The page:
Investment Types Not Permitted Within a Self-Directed IRA
The IRS prohibits two investment categories: life insurance products and collectibles, which include:
- Works Of Art
- Alcoholic Beverages
- Metals (other than certain gold, silver, and palladium)
- Prohibited Transactions
Self-directed IRAs provide a great deal of freedom, flexibility, and choice of potential investments. However, they are also governed by a set of rules self-directed investors must be aware of and follow. There are also certain transactions (and, more specifically, individuals) that can disqualify an investment within your IRA. These prohibited transactions can defeat the tax benefits your IRA offers. They can subject the IRA to fines and penalties, as well.
Your retirement account should benefit you when you retire and not before. Transactions that can be interpreted as providing immediate financial gain to account holders are not allowed. Many of these arrangements are laid out in Section 4975 of the IRS code.
For example, IRA holders may not:
- Borrow money from their IRA
- Sell, exchange or lease property to their IRA
- Receive compensation for managing property in their IRA
- Use their IRA as security for a loan
- Transfer plan income or assets to disqualified persons
- Lend money to disqualified persons
- Extend credit on their IRA to disqualified persons
- Furnish goods, services or facilities to disqualified persons
- Allow fiduciaries to obtain or use the plan’s income or assets for their own interest
For most of the disqualifying arrangements outlined, the transaction involves the IRA and a disqualified person. Therefore, it is important to understand who is considered a disqualified person. These individuals include:
- IRA holder
- The IRA holder’s spouse
- The IRA holder’s lineal ascendants, lineal descendants, and spouses of lineal descendants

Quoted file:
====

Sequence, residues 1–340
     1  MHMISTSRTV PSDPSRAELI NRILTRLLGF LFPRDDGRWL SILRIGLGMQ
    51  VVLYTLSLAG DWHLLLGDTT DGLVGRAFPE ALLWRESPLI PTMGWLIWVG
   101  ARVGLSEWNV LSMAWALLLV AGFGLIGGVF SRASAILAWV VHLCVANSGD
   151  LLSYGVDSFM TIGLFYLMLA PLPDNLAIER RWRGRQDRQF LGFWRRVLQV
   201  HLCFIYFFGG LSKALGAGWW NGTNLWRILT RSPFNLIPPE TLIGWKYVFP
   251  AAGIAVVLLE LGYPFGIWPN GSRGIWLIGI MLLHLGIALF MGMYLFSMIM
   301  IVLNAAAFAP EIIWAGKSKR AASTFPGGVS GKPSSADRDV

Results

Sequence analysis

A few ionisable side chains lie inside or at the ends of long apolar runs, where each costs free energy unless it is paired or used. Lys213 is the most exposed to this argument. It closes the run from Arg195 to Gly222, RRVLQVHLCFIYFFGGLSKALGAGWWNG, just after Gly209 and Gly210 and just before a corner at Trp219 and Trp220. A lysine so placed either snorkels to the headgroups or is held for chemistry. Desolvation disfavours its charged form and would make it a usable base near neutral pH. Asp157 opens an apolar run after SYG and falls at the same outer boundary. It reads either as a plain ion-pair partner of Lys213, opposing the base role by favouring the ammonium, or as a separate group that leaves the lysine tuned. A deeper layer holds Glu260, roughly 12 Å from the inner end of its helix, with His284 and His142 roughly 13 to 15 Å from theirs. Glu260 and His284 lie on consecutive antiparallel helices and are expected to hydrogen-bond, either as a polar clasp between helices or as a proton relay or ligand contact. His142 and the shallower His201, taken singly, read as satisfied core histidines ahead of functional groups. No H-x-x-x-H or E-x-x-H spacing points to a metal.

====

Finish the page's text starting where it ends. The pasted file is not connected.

- Investment advisors and managers
- Any corporation, partnership, trust or estate in which a disqualified person has 50 percent or greater interest or in which the disqualified person maintains control as a president manager, etc.
- Anyone providing services to the IRA such as the trustee or custodian
Documentation Involved in Purchasing an Asset With a Self-Directed IRA
Documents required: contract and closing documentation.
Title as: “Midland Trust Company As Custodian FBO Client Name, Client Account Number.”
Note: the IRA owner must review and approve all closing documents before closing. Midland Trust signs on the IRA’s behalf.
Notes and Mortgages
Documents required: loan documents (including the mortgage or other agreement to secure collateral).
List as: “Midland Trust Company As Custodian FBO Client Name, Client Account Number.”
Note: Midland must review all loan documents. If the loan is not handled through an escrow agent (like an attorney or title company), Midland must have the original, pen-signed note before releasing funds.
LLC, LP, and Private Stock Investments
Documents required: operating/partnership agreement or subscription agreement.
List in subscription agreement as: “Midland Trust Company As Custodian FBO Client Name, Client Account Number.”
Note: Midland must receive approval for closely-held LLCs. Midland will sign the subscription agreement on the IRA’s behalf.
Midland requires paperwork or documentation proving the IRA is the owner of that particular asset with investments not listed above. Please contact Midland for any unique situations on how to title the asset correctly.